Lawn Care Safety: By the Numbers

Many homeowners take pride in their perfectly manicured lawns. Unfortunately, those beautiful lawns sometimes come at a huge cost. According to the Consumer Product Safety Commission, lawn mowers prompt over 80,000 emergency room visits every year. The scope of these injuries can prove surprisingly broad, with homeowners harmed not only by lawn mowers, but also by trimmers and other implements. With the help of statistics, we highlight the greatest threats below:

Riding Lawn Mowers

All lawn care tools can prove dangerous, but riding mowers are especially likely to cause harm. Small children may be the most at risk; the Consumer Product Safety Commission reports that at least 800 children are run over by riding lawn mowers or small tractors every year. Sadly, over 600 of these injuries end in amputation. Many others die; Consumer Product Safety Commission statistics reveal that one in five lawn mower deaths involve children. Product defects are to blame more often than users realize; mowers are regularly recalled due to issues with reverse-mow settings or coolant reservoir tanks.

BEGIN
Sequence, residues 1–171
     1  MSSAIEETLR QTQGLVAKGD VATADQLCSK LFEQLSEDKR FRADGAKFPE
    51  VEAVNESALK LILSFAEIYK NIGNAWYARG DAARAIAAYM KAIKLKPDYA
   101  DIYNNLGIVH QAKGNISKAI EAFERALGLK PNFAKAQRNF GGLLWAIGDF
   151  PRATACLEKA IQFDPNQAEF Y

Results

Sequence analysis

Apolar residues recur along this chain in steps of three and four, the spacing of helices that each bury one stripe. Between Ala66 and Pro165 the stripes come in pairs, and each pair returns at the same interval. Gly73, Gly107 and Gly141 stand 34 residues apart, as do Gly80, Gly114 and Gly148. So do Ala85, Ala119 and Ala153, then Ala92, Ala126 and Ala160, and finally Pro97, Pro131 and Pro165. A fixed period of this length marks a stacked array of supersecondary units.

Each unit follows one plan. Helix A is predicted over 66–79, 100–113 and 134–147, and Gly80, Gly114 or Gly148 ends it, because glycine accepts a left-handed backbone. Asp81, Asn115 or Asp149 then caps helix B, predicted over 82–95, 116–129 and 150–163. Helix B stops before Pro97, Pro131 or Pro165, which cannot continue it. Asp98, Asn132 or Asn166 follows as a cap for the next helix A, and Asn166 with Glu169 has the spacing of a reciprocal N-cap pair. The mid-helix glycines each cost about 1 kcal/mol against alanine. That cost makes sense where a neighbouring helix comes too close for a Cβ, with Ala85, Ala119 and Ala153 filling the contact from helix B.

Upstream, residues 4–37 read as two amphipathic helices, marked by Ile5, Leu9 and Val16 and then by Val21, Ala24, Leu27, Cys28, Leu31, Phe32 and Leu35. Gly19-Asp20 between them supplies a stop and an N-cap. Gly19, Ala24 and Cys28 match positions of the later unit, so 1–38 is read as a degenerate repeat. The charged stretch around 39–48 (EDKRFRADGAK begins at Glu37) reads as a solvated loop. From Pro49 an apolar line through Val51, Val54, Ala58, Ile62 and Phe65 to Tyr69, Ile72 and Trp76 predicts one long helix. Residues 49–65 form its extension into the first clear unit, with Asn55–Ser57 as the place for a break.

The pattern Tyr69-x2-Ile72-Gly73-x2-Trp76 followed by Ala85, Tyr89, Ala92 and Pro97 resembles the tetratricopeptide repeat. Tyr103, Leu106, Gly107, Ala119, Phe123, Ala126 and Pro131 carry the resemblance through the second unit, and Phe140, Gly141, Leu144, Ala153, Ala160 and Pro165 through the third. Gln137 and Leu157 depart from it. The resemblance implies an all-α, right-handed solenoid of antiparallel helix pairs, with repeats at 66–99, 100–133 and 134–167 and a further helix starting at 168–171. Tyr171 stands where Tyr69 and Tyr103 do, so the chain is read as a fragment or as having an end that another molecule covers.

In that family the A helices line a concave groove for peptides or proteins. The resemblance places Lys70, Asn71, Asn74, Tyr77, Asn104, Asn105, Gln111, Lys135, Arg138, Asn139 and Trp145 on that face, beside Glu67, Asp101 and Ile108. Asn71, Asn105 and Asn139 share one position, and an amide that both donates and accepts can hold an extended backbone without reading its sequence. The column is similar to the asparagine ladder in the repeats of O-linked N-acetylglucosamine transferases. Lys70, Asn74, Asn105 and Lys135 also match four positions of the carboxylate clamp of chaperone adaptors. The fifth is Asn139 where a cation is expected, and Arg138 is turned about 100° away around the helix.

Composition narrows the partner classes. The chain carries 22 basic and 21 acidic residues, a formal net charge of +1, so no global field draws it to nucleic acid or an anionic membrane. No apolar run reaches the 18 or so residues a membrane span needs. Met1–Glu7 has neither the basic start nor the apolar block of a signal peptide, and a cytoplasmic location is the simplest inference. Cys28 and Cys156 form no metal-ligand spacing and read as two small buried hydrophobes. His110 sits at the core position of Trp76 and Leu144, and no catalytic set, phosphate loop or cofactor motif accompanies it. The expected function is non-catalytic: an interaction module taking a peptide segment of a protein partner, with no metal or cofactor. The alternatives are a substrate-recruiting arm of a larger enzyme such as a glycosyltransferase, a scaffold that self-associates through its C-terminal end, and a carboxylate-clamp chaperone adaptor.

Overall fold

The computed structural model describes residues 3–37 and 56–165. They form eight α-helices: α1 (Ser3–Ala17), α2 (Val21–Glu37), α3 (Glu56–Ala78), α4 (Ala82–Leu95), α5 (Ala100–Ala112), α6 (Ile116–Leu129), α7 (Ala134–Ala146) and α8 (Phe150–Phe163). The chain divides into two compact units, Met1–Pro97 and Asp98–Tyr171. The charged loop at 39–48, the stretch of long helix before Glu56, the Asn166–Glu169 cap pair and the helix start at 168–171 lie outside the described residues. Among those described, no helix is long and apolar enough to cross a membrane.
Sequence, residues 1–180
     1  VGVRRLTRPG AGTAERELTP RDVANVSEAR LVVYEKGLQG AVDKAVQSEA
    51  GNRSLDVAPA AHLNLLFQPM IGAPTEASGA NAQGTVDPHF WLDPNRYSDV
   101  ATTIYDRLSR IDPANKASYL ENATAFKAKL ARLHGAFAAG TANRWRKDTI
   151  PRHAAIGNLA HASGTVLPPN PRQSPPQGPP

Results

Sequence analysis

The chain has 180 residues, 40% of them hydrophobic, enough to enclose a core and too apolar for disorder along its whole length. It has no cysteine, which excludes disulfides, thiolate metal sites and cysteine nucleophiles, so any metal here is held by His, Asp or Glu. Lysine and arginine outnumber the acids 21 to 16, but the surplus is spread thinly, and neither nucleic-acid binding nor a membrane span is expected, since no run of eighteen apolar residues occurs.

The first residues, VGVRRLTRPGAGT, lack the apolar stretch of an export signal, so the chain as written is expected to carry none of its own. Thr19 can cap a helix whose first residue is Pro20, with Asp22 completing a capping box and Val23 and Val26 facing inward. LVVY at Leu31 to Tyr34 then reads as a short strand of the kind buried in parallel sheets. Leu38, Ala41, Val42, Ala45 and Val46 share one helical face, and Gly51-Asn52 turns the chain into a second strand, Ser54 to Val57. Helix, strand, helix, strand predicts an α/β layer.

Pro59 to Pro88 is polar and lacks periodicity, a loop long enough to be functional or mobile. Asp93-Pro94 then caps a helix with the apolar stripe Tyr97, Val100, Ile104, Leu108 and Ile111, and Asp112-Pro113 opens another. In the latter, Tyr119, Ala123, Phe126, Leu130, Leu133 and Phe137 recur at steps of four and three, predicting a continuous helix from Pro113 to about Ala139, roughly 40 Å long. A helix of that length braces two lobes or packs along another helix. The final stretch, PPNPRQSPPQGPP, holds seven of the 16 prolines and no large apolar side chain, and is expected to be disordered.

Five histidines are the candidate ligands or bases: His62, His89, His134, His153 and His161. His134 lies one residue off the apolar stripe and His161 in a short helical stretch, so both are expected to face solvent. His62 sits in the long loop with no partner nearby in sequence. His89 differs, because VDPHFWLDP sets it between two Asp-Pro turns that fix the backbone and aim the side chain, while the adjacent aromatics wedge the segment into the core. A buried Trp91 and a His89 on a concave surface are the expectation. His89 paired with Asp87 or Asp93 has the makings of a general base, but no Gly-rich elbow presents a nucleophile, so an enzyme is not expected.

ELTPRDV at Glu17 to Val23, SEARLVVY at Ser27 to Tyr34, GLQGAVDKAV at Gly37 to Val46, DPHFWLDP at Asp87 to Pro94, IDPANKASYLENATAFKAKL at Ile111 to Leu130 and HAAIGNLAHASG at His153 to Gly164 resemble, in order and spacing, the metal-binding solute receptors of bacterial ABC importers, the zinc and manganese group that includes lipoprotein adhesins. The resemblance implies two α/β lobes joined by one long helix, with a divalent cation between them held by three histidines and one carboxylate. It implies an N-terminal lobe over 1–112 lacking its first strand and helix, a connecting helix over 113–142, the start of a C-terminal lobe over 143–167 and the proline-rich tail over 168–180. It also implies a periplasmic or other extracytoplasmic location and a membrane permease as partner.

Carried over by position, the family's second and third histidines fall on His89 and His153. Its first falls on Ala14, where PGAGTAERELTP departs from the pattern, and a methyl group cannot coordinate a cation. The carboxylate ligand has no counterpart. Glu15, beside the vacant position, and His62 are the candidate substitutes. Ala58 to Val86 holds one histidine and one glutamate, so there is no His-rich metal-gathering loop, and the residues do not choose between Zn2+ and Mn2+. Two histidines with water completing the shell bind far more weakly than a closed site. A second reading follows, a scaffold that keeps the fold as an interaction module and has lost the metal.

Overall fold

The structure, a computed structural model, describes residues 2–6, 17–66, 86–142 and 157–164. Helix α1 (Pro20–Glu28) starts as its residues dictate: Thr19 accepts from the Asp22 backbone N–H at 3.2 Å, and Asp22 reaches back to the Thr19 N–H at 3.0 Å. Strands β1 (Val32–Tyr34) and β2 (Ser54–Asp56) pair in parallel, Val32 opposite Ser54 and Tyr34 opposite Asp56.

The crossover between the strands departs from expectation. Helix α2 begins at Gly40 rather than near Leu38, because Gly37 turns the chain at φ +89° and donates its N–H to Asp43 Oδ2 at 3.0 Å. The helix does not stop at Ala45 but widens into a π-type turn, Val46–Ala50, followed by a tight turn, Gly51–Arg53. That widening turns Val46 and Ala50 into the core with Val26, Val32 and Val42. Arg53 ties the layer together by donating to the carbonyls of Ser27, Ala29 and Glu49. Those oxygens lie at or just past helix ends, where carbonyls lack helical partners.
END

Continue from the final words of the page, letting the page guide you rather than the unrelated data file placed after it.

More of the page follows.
Lawn Trimmers

While lawn trimmers might not seem as dangerous as riding mowers, they hold many hidden perils. Data from the Consumer Product Safety Commission’s National Electronic Injury Surveillance System points to 81,907 lawn trimmer-related injuries between 2000 and 2009. Eye injuries accounted for over 42 percent of these incidents. Beyond eye injuries, victims were most likely to suffer contusions, lacerations, or sprains. Many of these injuries involved foreign objects and could potentially have been avoided through the use of safety equipment. Occasionally, poor manufacturing can come into play, with defective products potentially harming not only the user, but also others nearby.

Were you harmed in a lawn care accident prompted by a defective product? Damages may prove within reach. Contact Regan Zambri Long PLLC at your earliest convenience to learn more about our approach to personal injury law.